Philosophy with Attitude

Jan A. Nielsen
English 501-05
25 February 1992


31 January, 1992. It is twilight, almost night, and I am walking through the cold to Congreve. The pretend bells in Thomson Hall strike five; perhaps they are merely recordings, but I still love the sound. I look up into the sky; it is that most perfect shade of blue, the clouds scattering each ray of light that hits my eyes. The colour is intense; I look away quickly lest I lose my footing to it. The volume is just a little too high on my tape player, but all the more compelling for that; it is Schubert, a quartet in A minor. Earlier today I played this quartet in the PCAC; for two hours I practiced, and allowed it to culminate in something of a recital: I put on the headphones, turned up the volume, playing with this imaginary quartet until my fingers were deeply indented by their pressure on the strings. That was the quartet in D minor, "Death and the Maiden;" it is positively driving, a word whose true meaning I did not entirely understand until then.

But as I look at the world around me, with these tempestuous sounds thundering through me, I hear something new: it is the terrifying scream of a fire-truck, two of them; they warn their way through the intersection, the first one blaring its horn at two bicyclists who have not moved. They move then; the trucks go speeding past, and for the first time I realize that those sounds, their cause, is not something far-off and unknowable; somewhere, someone's dreams are dying in a haze of flames. Perhaps they will be saved; perhaps not... and the very eventuality of it frightens me. Those are real people, real things, not like the report that will be in the newspaper, but a terrible reality.

I walk faster towards my destination, chilled by the air and the fear; I want someone to tell me it will be all right, to comfort me, just for a while to feel safe and secure... and there is no one to do so, not here, not now. And yet I pray a little for the people whose lives will be so changed, and a little for me; but will it be all right?

The night falls still around me again, and I shiver, reaching the door. I think of the fire once more, and then there is the warmth of the building... but there is no comfort in it. Is this how it ends, with a whimper, a moan? A simple "no" to end a life, a love? How can it ever be all right if such a thing is possible? But I will cry later; now it is time for living, if only for a little while...

23 February, 1992. And what of love? To the optimist, it is the fulfillment of years of dreams; it is perfect, blissful, everlasting; no matter what bad times there may be, they will not last for too long. To the pessimist, it is pain, interspersed with a few moments of vague happiness. To a realist, a combination of the two; there will be good day and bad; it may or may not work out; if it does, so much the better, but real life must always be considered. To the idealist... whatever love is, it must be complete. If there is pain, it must be for the eventual good of what may come, and it must be real. But there should not be pain; in love there should be only love, and pain is a pollution of that ideal.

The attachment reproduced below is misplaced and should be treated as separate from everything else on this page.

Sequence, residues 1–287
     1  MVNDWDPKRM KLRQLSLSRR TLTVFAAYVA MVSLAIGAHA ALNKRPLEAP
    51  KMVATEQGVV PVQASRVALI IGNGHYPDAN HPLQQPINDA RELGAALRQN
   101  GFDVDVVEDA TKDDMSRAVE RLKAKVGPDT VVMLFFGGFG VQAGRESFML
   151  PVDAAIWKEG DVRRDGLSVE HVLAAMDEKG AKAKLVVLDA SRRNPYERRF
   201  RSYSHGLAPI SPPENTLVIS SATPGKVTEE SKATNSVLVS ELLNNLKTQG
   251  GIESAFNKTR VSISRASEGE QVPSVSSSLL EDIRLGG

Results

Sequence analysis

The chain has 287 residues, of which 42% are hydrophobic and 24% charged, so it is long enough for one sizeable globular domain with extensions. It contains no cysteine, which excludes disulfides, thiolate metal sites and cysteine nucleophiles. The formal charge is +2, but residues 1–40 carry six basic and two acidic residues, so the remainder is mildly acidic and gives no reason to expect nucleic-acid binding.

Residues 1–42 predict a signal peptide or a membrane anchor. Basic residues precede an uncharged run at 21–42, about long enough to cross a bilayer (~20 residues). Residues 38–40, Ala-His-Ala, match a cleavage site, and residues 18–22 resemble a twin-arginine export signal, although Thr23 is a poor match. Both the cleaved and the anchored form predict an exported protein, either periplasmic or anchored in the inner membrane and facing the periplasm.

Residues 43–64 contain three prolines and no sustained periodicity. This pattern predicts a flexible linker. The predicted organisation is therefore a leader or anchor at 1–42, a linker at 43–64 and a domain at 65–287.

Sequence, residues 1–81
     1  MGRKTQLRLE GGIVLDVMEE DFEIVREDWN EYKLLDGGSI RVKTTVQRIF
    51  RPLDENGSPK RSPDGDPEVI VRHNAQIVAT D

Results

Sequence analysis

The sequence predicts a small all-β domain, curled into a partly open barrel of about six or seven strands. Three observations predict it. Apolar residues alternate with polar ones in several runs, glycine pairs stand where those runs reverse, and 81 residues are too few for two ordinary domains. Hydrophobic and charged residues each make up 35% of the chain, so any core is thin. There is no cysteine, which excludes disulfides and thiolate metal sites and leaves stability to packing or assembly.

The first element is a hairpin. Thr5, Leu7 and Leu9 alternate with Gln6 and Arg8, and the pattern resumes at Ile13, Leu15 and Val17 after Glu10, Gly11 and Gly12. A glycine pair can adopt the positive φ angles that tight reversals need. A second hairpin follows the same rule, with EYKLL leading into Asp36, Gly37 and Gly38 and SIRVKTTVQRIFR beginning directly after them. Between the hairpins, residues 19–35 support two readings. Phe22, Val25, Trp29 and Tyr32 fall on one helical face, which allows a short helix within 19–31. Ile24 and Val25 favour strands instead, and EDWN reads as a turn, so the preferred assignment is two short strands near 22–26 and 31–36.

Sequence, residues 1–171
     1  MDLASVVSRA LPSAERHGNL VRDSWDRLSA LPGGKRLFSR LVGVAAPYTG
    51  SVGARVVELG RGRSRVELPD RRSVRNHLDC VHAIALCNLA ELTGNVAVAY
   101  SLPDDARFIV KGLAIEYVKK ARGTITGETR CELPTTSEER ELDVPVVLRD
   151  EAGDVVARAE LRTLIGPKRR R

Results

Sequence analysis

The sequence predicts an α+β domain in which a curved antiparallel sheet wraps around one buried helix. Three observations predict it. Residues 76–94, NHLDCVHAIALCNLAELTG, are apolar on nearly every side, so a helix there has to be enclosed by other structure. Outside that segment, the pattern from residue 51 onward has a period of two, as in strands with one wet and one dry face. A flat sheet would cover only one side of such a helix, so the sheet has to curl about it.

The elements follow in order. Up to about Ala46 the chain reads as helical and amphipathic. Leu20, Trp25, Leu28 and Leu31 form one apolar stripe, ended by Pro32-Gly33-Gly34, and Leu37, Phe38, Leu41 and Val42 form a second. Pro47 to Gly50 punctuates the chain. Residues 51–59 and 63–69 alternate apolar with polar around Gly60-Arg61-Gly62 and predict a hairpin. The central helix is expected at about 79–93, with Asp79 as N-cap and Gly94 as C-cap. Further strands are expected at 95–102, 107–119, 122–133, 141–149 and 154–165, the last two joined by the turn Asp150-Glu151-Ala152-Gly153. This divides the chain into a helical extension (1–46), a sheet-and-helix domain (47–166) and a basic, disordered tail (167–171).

Then, the idealist will ask, why is there pain? And she may look around herself and see that everywhere, there is pain... and there is also love. Somehow they coexist; sometimes intermingled, sometimes merely brushing for a moment and separating... but for a large part, they are so tightly woven that one can barely distinguish the two. Is this pessimism, or realism?

Has there ever been a love that did not also cause some pain? In the beginning, there may be confusion; confusion is painful. Even when love is established there may be jealousy, irrational though it may be; jealousy is painful. And if that love comes to an end... there is all the pain in the world. It may not last, and if we are fortunate we may not remember it as pain; but while it is there... what else in life can there be? Optimistically, love will come again, more complete and more full than ever before. Pessimistically, there will never be a love like that one; there is no hope for happiness in a world where love can cause such pain. Realistically, it happens; whether or not there is another chance depends entirely on life as it is. Ideally... here is the catch. Ideally, there should never have been pain to begin with; ideally, there could not have been love if there was pain.

But how can we say such things without first knowing exactly what love is? This is a question so fundamental to life that it cannot go unanswered... and yet for every human being one can find, there is a different answer. What they say may depend upon past loves, be they romantic or familial, or upon their philosophy of life, their religion or lack thereof, or upon their upbringing. But one thing remains virtually constant: if love is not reciprocated in some form or another, there is pain. There is no situation as pathetic as that of unrequited love, and none as hopeless...

In my own understanding, love is the fulfillment of an ideal; the object of one's affection is the personification of one's highest-held standards and values; they are the ideal, dangerous as it might seem. Of course one must acknowledge the fact that the "object" is human as well: no human is perfect, and not all expectations can be met. But this is ideal... as for myself, if it is possible, I am a realistic idealist. I am aware that there are imperfections, impossibilities, infatuations... but I don't have to like them, and I don't. Realistically, of course, there can be few, if any, of such relationships, but one can always hope... and I do. For now, at least. For a little while...

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